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Low Physical Effort

Low physical effort is one of the principles of universal design, which makes goods and products accessible to many people. This article will outline some examples of low physical effort.

Low Physical Effort

Low physical effort means that people should be able to use products without being physically tired or strained, through “reasonable operating forces”. For example, many people find pots full of water too difficult to lift from the sink to the stove. A pot filler, or faucet installed over the stovetop, removes this burden. Instead of lifting a full pot, a person first places the empty pot on the stove, then fills it at the faucet.

Furthermore, people should not need to repeat the same movements too often. For instance, knobs on doors or drawers are difficult for many people to grasp and turn. In contrast, other methods of opening doors or drawers require less effort, such as:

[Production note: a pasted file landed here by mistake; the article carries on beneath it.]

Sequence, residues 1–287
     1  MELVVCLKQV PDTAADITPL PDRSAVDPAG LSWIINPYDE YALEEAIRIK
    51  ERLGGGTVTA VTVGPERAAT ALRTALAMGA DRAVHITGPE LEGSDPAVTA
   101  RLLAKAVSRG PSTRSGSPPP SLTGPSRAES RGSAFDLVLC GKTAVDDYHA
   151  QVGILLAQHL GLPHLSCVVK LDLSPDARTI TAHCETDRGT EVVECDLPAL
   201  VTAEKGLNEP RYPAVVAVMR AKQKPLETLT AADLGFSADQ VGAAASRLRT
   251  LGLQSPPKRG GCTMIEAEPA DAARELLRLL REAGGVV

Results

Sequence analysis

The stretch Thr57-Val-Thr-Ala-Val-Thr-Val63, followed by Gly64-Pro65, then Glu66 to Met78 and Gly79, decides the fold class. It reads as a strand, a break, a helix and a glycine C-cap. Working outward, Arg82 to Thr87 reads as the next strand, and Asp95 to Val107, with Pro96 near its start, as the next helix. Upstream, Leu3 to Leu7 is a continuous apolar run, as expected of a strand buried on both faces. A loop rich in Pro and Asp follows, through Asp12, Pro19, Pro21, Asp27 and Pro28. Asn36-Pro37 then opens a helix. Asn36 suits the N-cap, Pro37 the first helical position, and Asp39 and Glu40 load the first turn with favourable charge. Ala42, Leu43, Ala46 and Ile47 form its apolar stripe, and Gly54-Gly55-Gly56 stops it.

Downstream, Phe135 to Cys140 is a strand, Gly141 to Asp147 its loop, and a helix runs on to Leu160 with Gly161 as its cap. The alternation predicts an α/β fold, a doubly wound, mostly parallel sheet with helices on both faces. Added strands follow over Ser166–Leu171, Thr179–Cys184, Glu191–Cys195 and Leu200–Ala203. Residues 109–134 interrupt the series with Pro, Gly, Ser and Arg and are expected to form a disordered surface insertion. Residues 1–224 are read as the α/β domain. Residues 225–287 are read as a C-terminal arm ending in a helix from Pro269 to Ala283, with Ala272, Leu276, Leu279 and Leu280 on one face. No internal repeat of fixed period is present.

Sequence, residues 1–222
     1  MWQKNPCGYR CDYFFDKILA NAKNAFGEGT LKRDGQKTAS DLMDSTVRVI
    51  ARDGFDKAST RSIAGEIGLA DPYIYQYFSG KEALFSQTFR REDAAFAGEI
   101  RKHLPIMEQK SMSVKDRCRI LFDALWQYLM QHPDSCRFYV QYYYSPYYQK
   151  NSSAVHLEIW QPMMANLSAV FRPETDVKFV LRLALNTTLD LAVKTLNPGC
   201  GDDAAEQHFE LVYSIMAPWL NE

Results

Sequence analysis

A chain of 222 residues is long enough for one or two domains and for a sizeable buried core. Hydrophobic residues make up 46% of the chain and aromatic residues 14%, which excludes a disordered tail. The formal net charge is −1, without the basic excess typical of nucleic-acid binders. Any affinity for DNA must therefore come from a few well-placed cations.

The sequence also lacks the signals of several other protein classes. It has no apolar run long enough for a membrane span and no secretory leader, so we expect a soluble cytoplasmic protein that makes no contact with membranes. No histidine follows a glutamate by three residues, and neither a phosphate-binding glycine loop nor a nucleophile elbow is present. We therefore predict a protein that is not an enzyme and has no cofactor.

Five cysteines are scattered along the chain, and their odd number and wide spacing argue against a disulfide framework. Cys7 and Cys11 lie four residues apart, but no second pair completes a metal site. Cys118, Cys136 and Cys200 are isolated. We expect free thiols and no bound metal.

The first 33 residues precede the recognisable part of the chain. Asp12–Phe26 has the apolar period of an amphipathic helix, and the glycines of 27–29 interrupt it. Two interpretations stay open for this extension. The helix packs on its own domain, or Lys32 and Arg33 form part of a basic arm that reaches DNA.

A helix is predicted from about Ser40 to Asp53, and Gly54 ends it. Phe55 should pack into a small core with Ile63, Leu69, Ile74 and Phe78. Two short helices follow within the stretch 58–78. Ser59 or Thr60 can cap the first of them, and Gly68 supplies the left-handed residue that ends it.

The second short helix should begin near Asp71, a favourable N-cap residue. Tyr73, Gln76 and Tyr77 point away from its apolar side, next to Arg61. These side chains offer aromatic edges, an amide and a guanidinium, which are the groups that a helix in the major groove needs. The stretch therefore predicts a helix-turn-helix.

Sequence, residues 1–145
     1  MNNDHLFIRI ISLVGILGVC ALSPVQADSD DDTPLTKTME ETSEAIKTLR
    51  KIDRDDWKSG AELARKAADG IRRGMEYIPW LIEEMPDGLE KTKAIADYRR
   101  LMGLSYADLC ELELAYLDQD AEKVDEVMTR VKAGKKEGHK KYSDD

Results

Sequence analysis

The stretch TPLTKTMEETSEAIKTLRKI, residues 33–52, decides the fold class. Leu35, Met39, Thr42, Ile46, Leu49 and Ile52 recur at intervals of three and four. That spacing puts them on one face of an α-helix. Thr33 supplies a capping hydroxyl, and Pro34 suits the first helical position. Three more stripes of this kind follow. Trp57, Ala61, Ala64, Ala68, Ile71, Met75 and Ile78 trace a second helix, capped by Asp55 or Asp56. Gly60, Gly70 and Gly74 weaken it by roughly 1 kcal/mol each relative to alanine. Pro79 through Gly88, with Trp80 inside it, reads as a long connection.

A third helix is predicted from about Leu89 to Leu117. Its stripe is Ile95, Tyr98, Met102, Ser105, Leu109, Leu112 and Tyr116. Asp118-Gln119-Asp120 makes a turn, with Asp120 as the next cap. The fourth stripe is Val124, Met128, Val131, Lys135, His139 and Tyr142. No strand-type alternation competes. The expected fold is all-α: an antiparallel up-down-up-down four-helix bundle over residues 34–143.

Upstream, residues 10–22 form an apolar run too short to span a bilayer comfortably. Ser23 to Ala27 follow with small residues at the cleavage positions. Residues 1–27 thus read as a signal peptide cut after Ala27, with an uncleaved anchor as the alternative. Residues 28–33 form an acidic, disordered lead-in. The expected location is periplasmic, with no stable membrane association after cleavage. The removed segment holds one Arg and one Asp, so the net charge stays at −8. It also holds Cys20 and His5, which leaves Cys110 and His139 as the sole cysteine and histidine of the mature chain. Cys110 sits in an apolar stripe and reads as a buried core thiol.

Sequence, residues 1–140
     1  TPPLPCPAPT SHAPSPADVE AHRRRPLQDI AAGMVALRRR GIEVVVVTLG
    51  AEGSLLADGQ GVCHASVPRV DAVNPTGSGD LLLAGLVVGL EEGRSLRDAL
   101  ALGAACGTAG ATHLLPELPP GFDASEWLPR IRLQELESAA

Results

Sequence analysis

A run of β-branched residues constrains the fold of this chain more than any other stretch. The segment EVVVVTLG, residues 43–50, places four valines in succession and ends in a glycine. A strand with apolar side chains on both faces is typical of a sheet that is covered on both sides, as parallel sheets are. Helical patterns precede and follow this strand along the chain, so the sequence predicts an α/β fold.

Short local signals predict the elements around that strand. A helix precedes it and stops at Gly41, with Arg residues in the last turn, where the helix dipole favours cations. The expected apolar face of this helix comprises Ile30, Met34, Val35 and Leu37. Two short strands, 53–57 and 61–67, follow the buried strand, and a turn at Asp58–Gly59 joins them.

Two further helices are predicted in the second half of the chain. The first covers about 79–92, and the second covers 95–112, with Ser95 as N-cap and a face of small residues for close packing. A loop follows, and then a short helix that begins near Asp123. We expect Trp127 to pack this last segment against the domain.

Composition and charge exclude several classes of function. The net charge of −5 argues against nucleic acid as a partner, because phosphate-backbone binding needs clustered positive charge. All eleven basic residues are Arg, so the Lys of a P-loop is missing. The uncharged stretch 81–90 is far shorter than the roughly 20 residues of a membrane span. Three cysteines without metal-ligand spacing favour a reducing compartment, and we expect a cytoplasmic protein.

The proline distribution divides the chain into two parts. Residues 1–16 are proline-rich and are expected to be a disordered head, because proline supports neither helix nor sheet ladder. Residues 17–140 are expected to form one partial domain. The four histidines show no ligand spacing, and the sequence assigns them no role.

• Lever door handles
  • Doors with buttons people can reach from multiple heights
  • Automatic doors

Likewise, people should not need to use physical effort for too long. For instance, the repeated motion of using a vacuum cleaner is difficult or impossible for many people. Although they can take breaks, they will still need to pull the vacuum over all the carpet in their homes. However, people can use robot vacuums for some of this cleaning. While a robot vacuum may not clean in every corner, people using it will need to use the traditional vacuum less.

Finally, products and spaces should be designed for people to use them in neutral body positions. For instance, garden beds directly on the ground require gardeners to crouch, squat, or use other difficult or uncomfortable body positions. Moreover, gardeners need to take these positions repeatedly or for a long time. On the other hand, raised garden beds allow gardeners to reach them without bending down as far.